Marlene Feist, Utilities Communications Manager, No Phone Number Available
Tuesday, February 3, 2015 at 2:16 p.m.
A little more than two years ago, the City—at the direction of Mayor David Condon—embarked on a journey to determine how to improve the health of the Spokane River, while keeping costs affordable. The result is the City's Integrated Clean Water Plan, which delivers better environmental results for the river at a price that's about $150 million cheaper than previous plans.
This week, the Mayor has received national recognition for his leadership on clean water issues. The National Association of Clean Water Agencies (NACWA) has presented Mayor Condon with its 2015 National Environmental Achievement Local Public Service Award, which honors exemplary commitment to community, the environment, and the challenges faced by NACWA member agencies.
In its award notification, NACWA thanked the Mayor for his “service to the environment and the clean water community,” saying that his contributions have made a lasting impact on clean water goals.
NACWA is a national organization that represents close to 300 public clean water utilities around the country and has long advocated for integrated planning opportunities.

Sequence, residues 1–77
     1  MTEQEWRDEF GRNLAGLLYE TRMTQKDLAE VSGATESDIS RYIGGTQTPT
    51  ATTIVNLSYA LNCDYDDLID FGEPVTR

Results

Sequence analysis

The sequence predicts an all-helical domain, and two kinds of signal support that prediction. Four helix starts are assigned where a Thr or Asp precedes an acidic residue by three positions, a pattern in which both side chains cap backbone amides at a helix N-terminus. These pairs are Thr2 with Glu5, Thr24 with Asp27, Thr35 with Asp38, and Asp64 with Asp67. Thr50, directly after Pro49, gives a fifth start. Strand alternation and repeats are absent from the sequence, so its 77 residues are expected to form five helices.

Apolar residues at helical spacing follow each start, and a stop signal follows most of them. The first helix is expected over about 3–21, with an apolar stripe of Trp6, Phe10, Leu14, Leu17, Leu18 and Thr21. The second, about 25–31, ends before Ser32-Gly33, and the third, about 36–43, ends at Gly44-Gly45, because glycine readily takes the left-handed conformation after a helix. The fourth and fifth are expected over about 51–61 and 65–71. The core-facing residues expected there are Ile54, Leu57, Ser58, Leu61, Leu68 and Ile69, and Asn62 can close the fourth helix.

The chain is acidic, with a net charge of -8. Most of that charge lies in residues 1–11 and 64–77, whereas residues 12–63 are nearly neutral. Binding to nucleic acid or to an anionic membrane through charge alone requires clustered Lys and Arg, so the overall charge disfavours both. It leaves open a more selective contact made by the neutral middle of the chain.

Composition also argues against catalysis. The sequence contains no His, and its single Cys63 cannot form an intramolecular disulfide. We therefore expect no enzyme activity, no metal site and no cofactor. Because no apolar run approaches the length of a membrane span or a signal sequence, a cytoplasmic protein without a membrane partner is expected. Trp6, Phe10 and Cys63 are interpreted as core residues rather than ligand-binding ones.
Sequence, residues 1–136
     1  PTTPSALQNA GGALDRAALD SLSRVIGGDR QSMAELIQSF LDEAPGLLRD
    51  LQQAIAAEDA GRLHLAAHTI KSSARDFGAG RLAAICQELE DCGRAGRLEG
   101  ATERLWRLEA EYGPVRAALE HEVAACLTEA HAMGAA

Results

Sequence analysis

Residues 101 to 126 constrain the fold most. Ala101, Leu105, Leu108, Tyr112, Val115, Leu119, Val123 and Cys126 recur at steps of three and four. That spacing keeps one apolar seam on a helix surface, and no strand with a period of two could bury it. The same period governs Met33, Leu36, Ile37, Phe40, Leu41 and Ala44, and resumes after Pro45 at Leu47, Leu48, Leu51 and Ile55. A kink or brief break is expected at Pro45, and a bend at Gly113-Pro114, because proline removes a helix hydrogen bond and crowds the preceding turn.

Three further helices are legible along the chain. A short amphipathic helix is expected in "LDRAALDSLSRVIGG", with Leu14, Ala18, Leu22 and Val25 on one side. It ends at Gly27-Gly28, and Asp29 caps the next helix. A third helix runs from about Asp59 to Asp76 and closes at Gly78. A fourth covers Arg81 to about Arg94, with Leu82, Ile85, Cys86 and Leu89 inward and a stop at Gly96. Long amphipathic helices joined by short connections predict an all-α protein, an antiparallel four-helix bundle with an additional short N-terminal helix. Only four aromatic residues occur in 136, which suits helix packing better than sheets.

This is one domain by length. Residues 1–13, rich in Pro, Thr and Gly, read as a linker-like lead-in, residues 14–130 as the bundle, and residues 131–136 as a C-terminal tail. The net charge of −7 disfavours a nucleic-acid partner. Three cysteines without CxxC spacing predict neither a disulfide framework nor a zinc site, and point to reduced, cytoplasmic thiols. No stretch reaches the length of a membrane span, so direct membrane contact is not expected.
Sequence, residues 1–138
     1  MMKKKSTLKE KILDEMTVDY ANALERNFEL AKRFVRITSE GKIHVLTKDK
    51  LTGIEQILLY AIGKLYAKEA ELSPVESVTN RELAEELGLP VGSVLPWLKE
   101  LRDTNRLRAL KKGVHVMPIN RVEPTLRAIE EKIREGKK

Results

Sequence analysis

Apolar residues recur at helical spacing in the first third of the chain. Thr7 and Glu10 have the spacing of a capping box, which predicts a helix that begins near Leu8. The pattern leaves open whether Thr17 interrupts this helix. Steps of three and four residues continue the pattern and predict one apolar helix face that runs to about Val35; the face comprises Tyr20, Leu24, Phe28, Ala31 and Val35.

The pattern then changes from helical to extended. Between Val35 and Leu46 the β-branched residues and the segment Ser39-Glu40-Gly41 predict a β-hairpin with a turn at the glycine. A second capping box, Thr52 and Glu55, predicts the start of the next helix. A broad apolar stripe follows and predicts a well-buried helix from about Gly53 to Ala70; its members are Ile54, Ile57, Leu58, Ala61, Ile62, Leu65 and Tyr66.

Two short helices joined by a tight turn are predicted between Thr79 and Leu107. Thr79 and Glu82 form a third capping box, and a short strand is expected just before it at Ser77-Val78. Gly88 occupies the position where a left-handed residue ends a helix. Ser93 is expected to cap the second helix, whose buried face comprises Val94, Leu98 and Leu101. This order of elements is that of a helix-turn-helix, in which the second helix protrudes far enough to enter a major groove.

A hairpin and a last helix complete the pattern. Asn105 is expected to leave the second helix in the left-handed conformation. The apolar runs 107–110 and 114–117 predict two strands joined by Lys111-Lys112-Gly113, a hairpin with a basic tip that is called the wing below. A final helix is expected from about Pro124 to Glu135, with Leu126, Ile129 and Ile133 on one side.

“I am honored to receive this award on behalf of Spokane; it recognizes our innovative approach to achieve results that are both environmentally and financially responsible,” says Mayor Condon. “We are delivering greater water quality benefits for the Spokane River at a price that is affordable for our citizens.”
Earlier this year, NACWA's Executive Director Ken Kirk said this about Spokane's plan: “Spokane has developed a thorough, cross-disciplinary integrated plan that addresses infrastructure needs and improves water quality, all while saving ratepayers money. Their process and lessons learned will now inform utilities from coast to coast who are interested in exploring integrated planning in their own communities.”
Spokane was one of the first cities in the nation to submit an integrated plan, following a framework laid out by the U.S. Environmental Protection Agency in June 2012. The City developed its plan voluntarily, while most cities pursuing this strategy are doing so under the force of a consent decree. The plan will deliver water quality results well beyond what the City is statutorily required to do.
The Mayor has committed to completing the plan's work while holding utility rate increases to inflation to make the work more affordable for citizens.
The Integrated Clean Water Plan details $310 million in work to:
In November, the City sold $200 million in “green” revenue bonds to invest in this work. Construction of a number of projects included in the plan already is under way, including large combined sewer tanks in Underhill Park, at a site at 21st Avenue and Ray Street, and along Sprague Avenue near Hamilton. The City also is moving ahead with design work for a $100 million upgrade at the water reclamation facility.